The Fed Isn’t Pivoting, So Maybe Investors Should

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Should Investors Consider Taking Different Steps for Diversification?

Diversification reduces risk; at least, this is what we’re told. It could also limit the upside, but it’s downside that is most concerning to investors. True diversification is a goal embraced by most. Investors used to try to achieve this by buying a broad stock market ETF coupled with a bond ETF. Well, the Fed-induced bond bear market, which is feeding the equity bear market, is a double whammy for these investors. So else is there to pivot to?

Investors’ goals used to be to make sure they achieved above index results, what I am hearing from investors now is they just want to stop losing money. The return benchmark has been changed.

Is Diversification Attainable

Historically, when stock prices have gone down, bonds have appreciated. That’s because rates tended to sink when economic activity faltered and rose when demand for money was higher; this is because the economy was growing. Bond rates today are less driven by economic pace and natural market factors. An active Fed has more control over yields. So this yin and yang relationship between stocks and bonds is much less negatively correlated.

While the U.S. and global economy are in unchartered waters, the scenario where the Fed has promised negative returns on bonds, and while stocks continue to falter from past stimulus being pulled from the economy by the Fed, alternatives may be worth exploring.

Investors, have been told to diversify using registered securities from a young age, at a young age these are often the only options. Securities include registered company stocks and bonds. They are then told the best way to do this is with funds (Mutual funds and ETFs) that contain many securities, thus assuring diversification across that asset class. But, over time, as more have taken to the idea of buying “the market” or selling ”the market” using funds, movements by those getting in or out of the market en-masse impact more and more people. This year trillions have been lost by investors because of this.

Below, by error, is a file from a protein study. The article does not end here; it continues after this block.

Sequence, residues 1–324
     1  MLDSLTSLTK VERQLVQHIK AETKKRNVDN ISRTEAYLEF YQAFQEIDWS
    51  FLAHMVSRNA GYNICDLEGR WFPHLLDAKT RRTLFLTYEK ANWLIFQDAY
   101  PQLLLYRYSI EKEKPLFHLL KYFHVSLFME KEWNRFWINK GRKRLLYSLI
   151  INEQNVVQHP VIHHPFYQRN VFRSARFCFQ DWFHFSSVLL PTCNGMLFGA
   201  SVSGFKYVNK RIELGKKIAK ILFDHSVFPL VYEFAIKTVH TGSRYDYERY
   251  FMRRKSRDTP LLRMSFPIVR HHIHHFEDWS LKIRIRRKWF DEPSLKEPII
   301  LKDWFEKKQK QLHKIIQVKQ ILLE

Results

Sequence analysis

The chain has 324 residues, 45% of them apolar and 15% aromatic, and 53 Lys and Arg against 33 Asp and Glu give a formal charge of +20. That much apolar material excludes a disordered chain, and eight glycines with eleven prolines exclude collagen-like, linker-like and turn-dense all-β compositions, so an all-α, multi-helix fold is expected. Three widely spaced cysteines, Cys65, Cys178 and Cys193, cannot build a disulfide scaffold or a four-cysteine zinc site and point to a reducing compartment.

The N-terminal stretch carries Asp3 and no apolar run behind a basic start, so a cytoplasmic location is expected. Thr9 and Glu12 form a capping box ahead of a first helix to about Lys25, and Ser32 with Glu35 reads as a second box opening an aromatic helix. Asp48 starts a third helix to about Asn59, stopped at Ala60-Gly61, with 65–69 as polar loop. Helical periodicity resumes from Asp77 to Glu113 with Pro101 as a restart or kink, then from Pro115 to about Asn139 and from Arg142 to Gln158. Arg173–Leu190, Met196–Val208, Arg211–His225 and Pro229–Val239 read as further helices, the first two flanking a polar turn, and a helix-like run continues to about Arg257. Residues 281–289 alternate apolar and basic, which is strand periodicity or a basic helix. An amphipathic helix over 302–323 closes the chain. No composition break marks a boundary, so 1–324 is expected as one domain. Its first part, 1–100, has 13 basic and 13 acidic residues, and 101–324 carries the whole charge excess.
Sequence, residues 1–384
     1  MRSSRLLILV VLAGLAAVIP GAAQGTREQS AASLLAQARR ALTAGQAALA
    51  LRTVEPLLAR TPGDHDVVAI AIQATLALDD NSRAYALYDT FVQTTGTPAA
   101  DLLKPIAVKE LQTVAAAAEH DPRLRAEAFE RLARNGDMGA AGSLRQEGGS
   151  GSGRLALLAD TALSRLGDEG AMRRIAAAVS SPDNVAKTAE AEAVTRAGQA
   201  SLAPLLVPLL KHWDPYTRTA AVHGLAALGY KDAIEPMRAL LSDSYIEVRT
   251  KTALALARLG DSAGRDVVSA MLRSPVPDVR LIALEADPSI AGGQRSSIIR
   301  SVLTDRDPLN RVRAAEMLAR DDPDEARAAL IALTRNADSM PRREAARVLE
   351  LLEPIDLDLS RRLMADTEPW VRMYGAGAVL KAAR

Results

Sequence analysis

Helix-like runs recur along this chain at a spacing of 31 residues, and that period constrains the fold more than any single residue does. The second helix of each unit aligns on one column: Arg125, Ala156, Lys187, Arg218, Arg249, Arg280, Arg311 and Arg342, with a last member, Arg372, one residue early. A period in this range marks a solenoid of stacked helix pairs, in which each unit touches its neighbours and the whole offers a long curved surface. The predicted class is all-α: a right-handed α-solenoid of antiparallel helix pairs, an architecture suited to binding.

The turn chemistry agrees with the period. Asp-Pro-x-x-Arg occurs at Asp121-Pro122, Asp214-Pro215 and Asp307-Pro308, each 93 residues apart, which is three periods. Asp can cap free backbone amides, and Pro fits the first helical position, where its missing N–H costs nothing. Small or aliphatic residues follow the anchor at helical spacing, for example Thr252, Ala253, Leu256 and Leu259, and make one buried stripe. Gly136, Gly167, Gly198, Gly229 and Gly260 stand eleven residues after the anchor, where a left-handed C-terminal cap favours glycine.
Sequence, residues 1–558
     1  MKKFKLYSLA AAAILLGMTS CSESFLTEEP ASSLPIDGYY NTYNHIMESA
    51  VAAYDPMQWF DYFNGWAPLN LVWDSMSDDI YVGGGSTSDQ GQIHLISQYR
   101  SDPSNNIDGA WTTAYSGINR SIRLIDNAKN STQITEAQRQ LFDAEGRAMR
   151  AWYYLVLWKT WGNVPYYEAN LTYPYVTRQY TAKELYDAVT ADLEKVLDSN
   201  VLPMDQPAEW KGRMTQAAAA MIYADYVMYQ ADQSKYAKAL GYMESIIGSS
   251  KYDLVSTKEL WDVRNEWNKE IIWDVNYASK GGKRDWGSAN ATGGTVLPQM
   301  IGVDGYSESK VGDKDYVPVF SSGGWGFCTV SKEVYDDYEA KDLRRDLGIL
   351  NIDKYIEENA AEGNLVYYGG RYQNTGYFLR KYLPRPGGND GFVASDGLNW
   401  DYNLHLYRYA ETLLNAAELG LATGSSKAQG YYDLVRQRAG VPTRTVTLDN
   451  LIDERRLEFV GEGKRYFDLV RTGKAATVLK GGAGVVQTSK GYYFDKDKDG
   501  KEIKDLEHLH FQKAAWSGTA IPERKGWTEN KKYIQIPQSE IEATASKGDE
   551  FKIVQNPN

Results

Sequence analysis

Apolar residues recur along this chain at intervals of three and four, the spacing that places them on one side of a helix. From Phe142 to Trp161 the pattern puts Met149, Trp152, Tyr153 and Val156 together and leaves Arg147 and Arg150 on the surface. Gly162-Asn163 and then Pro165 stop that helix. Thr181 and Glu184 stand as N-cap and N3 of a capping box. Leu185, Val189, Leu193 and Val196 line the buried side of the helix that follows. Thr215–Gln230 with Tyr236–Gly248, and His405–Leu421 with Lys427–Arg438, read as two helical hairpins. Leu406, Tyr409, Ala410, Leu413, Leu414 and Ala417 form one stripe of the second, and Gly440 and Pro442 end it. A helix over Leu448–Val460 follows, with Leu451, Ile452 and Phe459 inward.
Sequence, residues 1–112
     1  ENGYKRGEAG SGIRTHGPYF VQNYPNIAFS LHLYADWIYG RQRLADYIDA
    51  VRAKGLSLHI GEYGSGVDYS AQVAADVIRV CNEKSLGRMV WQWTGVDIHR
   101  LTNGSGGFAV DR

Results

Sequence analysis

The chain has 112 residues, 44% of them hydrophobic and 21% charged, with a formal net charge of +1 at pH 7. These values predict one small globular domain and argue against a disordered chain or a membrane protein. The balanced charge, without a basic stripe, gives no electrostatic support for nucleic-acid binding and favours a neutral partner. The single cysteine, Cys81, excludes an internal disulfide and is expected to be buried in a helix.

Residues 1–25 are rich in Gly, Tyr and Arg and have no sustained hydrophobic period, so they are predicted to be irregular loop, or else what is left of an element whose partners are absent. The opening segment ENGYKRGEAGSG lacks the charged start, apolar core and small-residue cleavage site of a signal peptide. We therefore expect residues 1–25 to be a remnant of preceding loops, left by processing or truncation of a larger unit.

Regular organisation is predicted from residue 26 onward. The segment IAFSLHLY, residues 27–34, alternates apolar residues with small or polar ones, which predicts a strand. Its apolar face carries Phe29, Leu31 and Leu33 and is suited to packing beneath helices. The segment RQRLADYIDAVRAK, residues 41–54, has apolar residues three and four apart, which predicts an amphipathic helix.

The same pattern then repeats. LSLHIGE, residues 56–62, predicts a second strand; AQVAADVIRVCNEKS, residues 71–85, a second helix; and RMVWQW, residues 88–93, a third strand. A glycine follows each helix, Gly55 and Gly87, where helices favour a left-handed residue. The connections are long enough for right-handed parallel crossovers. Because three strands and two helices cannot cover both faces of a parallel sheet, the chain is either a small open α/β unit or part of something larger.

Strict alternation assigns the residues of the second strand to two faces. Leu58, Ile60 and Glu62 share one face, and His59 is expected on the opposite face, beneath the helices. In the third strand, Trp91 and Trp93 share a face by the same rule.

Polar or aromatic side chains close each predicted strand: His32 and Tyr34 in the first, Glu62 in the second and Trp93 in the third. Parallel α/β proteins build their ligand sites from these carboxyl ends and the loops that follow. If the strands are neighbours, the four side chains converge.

Do publicly traded securities still make sense? Chris Hyzy, Chief Investment Officer for Merrill and Bank of America Private Bank says, “We have transitioned into a new investment cycle driven by higher inflation and a pivot by global central banks, among many other factors. This is likely to create higher asset price volatility and new market leaders.” Speaking for B of A he said, “We believe alternative investments can play a role in helping qualified investors pursue today’s opportunities.”

Source: Bank of America (Private Bank)

One “Alternative” that more traditional investors are now looking at is private equity. Private equity involves investment partnerships that buy and manage companies before selling them. Private equity firms operate these investment funds for institutional and other accredited investors. This subset of investment alternatives is often grouped with venture capital and even hedge funds. The Investors are usually required to commit capital for extended periods, the lack of market price swings allows a level of stability not found in the bid/ask tick-by-tick valuations found in the stock or bond markets. This same advantage which allows management to be more focused on managing the company’s long-term viability limits liquidity for investors. This is why access to such investments is limited to institutions and qualifying individuals.

Other Asset Classes

In addition to qualifying as an accredited investor in private equity deals, those interested in alternatives may look to real estate, which also tends to fall with rising interest rates. Precious metals are also an alternative that investors use to diversify. The hedge fund universe provides an assortment of ideas and strategies that the fund managers use that are often de-linked from traditional markets.

Take Away

The Federal Reserve has indicated an unbending resolve to bring inflation. Mathematically this brings bond prices down with higher yields. Higher yields siphon money out of the stock market, which is already at a dimmer point of the business cycle. Alternatives, including private equity, has outperformed public markets and may also help manage portfolio volatility.

Investors that are uncertain if they qualify as an accredited investor may want to Pre-approve. There is no cost, Noble Capital Markets can do this and then provide those that meet the requirements access to its private deals. Knowing the options available and how to use them can provide uncommon and uncorrelated returns to a portfolio.



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